At least 200 families are trapped in the Baghuz area, in the middle of the Euphrates River valley, not far from the Iraq border. They are threatened with weapons by the militia. Bachelet: "Ensure safe passage for those who want to escape". Jihadist request for a transfer to Idlib rejected.
(AsiaNews/Agencies) - At least 200 families are still trapped in the last stronghold of the Islamic State (SI, ex Isis) in Syria, which could be used as "human shields" by the jihadists to reject the Arab-Kurdish offensive. The civilians are held and threatened with weapons by some 300 militiamen, barricaded in a village in the eastern province; the fear of their fate has slowed the advance of US-led coalition forces.
In 2015, at the time of its greatest expansion, ISIS controlled half of the territory of Iraq and Syria. Although still representing a "significant threat" to the UN, the jihadist group has lost most of its dominions and is perched in the Baghuz area, in the middle of the Euphrates River valley, not far from the border with Iraq.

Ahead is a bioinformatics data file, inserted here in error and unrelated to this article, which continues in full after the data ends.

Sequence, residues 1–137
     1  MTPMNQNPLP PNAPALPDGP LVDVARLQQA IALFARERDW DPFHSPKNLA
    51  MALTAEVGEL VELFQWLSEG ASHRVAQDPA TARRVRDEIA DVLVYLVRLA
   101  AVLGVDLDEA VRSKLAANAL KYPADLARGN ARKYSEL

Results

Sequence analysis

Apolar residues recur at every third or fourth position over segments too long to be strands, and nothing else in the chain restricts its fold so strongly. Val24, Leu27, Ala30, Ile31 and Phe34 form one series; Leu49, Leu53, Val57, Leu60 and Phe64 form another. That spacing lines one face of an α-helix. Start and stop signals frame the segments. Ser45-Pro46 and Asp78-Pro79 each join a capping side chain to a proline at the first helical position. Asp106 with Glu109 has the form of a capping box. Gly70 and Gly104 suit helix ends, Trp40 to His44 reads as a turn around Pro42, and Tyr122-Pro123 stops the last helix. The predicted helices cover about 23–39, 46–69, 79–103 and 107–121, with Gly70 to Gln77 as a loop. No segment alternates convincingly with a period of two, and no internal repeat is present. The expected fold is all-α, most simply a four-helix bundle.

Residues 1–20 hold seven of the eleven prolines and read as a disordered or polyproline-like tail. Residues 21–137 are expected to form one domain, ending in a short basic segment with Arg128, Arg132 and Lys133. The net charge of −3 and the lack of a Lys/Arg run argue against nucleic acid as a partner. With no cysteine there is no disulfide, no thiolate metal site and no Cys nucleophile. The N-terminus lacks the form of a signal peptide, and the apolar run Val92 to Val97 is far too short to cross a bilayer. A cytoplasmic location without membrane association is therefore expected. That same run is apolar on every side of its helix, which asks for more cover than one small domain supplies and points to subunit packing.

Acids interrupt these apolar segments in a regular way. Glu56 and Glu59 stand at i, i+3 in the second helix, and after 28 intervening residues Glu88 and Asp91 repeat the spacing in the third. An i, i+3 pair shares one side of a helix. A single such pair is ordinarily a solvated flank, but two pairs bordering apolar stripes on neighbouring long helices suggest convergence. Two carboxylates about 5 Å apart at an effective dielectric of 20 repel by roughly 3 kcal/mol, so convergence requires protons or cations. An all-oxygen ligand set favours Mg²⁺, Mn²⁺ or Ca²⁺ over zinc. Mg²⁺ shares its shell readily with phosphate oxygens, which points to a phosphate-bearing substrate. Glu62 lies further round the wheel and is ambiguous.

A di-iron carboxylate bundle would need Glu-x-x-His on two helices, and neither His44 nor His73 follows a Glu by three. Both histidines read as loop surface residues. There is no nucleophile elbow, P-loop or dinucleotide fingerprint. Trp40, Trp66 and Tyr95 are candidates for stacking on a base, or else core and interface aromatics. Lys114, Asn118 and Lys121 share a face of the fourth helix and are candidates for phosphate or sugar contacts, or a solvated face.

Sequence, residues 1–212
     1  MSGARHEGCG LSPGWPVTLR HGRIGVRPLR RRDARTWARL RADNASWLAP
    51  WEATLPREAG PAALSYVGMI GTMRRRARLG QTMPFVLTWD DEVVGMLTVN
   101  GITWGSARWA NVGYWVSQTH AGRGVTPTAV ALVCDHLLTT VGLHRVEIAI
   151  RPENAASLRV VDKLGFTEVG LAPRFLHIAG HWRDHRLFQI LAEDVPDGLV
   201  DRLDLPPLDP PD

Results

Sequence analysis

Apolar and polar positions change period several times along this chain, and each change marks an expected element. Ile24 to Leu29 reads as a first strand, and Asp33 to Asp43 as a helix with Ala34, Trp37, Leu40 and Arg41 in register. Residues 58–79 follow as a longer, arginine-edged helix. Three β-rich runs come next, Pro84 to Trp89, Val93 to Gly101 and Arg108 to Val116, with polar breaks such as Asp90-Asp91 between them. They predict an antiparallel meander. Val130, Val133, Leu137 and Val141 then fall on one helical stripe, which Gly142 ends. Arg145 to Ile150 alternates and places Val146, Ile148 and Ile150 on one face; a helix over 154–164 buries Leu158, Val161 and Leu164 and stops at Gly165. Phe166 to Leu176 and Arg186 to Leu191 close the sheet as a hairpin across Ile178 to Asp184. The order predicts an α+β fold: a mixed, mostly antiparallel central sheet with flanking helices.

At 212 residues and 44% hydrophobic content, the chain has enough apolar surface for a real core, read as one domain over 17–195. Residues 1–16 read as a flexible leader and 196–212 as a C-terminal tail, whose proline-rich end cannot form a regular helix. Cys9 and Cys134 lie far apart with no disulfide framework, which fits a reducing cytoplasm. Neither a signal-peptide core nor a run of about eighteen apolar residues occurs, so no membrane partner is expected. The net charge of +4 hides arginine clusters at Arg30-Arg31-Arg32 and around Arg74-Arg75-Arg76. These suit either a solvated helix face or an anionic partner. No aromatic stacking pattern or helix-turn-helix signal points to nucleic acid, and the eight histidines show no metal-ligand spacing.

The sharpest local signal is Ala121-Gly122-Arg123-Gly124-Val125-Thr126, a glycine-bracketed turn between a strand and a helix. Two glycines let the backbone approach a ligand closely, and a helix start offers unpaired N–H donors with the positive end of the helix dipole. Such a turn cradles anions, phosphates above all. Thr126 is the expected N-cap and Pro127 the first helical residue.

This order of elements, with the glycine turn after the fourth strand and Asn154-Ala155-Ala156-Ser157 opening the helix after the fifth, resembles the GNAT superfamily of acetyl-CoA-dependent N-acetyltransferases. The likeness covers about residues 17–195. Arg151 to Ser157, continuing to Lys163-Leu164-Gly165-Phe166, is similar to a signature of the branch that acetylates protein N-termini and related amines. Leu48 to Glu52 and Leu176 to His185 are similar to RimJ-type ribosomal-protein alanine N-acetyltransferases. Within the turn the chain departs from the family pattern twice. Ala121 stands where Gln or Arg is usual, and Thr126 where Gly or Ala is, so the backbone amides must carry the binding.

According to reports by UN High Commissioner for Human Rights Michelle Bachelet, the jihadists prevent the escape to the safety of the families of civilians still trapped in the area, where heavy coalition bombings is underway. There are also dozens of women and children inside. "The civilians - he adds - continue to be used as pawns by various parts. I ask for a safe passage for those who want to escape ".
Yesterday evening, dozens of trucks arrived in the area to evacuate civilians, so far in vain. According to the Syrian Democratic Forces (Sdf, US wire), isolating innocent people and trying to ensure their protection is an "important step" in the attempt to reconquer the last piece of land still under the jihadist control.
Sources of the Syrian Observatory for Human Rights, NGOs based in the United Kingdom and a dense network of informants on the ground, echo a request made in recent days by the jihadists. They demand a safe passage to the province of Idlib - in the hands of extremist groups and anti-Assad rebels - or to neighboring Iraq. However, a SDF spokesperson rejected the proposal by reiterating that the militia have only two options: surrender or death in battle.